UK Gazprom cut would hit businesses and NHS with price spike


(Bloomberg) – As calls grow for the UK to cut off Russian businesses following the invasion of Ukraine, few realize how costly it could prove for thousands of businesses as well as for schools, libraries and parts of the National Health Service that depend on Gazprom Energy for their gas.

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The retail brand of Gazprom Marketing & Trading Ltd., a subsidiary of Russia’s state-owned Gazprom PJSC, is one of the country’s largest gas suppliers, supplying more than a fifth of commercial gas volume from the United Kingdom. If its retail contracts collapse, buyers could face huge price increases.

The gas would not automatically be cut off, but the regulator would direct buyers to other suppliers with much higher prices. Trade contracts generally maintain a stable price throughout their term.

This means that, unlike much of the solidarity with Ukraine heard around the world which has few direct costs, removing Gazprom’s retail brand would have real consequences for businesses and public entities.

“A failure the size of Gazprom would put significant pressure on the Treasury and ministers will need a clear short-term exit plan,” said Darren Jones, an opposition Labor MP who chairs the committee. business parliamentarian. “The Secretary of State must ensure that his energy security review includes industrial and commercial customers, as well as residential customers.”

The commercial arm of the company has been shunned by longtime partners and is driven out by its London owner because of Russia’s war in Ukraine. If Gazprom is unable to trade in the UK market or if customers boycott their retail business, it threatens to force companies to go through what regulator Ofgem calls the supplier of last resort.

Gazprom M&T did not respond to a request for comment. The company has made no public indication that it will be unable to serve business customers.

“Nothing has changed with respect to Gazprom Energy’s ability to supply its customers and we continue to honor our contractual obligations to our customers with the same level of commitment as usual,” the company said in a statement released. on its website. “We source gas through commodity exchanges in exactly the same way as our competitors, and we are not dependent on gas supplies from Russia.”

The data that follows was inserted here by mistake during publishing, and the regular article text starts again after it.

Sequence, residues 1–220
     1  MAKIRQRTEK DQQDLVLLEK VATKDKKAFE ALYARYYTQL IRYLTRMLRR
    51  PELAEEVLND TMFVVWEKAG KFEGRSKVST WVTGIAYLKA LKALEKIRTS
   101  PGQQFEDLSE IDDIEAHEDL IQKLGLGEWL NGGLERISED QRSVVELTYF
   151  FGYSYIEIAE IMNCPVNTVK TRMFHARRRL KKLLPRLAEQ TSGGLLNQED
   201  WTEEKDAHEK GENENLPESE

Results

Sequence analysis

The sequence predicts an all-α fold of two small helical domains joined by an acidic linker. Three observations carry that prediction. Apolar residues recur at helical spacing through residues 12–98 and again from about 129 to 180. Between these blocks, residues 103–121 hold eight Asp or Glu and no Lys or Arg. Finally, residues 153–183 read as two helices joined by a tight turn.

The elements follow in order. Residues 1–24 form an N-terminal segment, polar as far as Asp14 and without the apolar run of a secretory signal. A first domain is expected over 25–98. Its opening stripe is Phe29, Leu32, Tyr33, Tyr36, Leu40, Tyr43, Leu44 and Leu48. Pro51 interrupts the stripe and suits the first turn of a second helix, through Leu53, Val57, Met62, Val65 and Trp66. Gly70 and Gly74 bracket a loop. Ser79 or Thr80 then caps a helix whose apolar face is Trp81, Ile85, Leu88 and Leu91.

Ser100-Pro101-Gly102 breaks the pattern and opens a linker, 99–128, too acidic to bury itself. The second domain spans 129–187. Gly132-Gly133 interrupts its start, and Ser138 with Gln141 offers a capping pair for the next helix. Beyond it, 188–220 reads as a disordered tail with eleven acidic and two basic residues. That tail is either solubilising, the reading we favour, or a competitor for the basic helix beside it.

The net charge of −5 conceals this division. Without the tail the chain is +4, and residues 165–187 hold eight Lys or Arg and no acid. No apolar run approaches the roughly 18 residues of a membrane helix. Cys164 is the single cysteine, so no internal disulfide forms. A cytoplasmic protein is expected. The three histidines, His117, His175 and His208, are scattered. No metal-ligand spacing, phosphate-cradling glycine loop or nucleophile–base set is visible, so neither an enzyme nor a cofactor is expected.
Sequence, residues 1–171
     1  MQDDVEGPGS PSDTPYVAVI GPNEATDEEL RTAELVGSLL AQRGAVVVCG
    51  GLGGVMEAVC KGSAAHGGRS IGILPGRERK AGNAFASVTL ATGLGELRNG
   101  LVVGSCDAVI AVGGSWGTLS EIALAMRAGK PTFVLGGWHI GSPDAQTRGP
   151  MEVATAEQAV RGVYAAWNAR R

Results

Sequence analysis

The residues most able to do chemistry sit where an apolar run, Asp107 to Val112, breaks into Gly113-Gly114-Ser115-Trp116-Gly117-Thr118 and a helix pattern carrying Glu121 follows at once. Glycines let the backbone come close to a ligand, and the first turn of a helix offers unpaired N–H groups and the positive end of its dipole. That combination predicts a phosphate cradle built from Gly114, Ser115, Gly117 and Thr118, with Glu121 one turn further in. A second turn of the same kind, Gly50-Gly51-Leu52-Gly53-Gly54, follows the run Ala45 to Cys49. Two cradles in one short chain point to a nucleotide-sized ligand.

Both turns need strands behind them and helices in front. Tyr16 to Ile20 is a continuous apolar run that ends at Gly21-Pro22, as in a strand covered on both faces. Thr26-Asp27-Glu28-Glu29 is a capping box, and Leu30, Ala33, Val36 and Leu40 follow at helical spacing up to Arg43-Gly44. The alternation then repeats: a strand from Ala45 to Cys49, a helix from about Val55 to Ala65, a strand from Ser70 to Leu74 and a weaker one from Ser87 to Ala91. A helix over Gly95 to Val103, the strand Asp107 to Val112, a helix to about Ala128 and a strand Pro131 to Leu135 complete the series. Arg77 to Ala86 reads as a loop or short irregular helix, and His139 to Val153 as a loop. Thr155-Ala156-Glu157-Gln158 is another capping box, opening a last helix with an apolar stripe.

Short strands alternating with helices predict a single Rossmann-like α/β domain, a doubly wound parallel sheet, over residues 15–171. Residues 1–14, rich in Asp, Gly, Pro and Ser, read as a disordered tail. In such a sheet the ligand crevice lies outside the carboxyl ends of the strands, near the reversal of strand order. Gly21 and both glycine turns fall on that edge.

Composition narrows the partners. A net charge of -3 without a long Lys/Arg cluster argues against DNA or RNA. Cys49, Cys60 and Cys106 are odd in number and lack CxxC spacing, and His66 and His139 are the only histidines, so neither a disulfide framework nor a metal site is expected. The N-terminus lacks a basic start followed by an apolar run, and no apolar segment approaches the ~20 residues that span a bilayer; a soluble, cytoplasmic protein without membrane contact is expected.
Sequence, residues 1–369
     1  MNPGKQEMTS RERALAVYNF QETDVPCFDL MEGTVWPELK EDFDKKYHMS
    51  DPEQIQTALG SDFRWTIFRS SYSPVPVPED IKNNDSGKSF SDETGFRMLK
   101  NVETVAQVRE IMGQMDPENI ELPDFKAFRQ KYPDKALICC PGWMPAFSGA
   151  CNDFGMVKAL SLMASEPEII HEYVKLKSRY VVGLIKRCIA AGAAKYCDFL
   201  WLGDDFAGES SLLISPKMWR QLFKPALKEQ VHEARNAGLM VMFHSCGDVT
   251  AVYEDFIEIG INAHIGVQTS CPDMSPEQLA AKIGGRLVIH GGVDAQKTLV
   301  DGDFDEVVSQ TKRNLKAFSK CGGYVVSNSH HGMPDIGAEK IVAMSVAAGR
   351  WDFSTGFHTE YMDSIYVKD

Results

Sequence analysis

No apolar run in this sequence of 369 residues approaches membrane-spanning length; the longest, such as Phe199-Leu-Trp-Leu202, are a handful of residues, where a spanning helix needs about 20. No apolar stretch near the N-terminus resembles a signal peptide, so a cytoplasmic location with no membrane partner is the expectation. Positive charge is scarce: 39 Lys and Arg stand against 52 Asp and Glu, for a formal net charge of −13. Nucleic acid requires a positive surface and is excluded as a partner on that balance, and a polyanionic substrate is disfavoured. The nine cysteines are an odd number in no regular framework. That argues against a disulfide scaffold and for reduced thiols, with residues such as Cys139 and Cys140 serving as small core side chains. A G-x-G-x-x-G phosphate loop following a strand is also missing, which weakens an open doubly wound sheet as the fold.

Read: The Russian gas giant shunned by European traders and owners

Gazprom Energy supplies 21% of non-domestic gas volume in the UK and has more than 100,000 metering points, according to its website, and had contracts worth 23 million pounds ($30 million) with the NHS last year, according to public sector data platform Tussell. The volume of gas delivered by the supplier is roughly equivalent to the combined gas and electricity supplied by the retail arm of Centrica Plc and Bulb Energy Ltd., according to company data.

The supplier’s ultimate parent company, the world’s biggest gas exporter and Russia’s biggest company, still supplies large volumes of gas to European utilities through pipelines, which are sold in the UK.

“If the London-based trading arm of Gazprom were to fail, we would likely see immediate problems in its retail business,” said Tony Jordan, energy sector consultant at Auxilione. “This could expose professional clients to the current record highs in the market.”

Companies tend to sign long-term contracts with fixed prices. If their supplier goes bankrupt and goes through Ofgem’s process, they face the volatility of today’s market. With wholesale prices hitting record highs on Friday, many companies may not be able to absorb this financial hit.

Already this week, three local councils, in Suffolk, Shropshire and London, announced that they would reduce their gas supply contract with Gazprom Energy. There is not yet a legal requirement for any unit of Gazprom to cease operations in the UK, but companies linked to the Russian state will already be unable to issue debt or equity in the country at the result of sanctions.

(Updates with opposition legislator’s comment to fifth paragraph)

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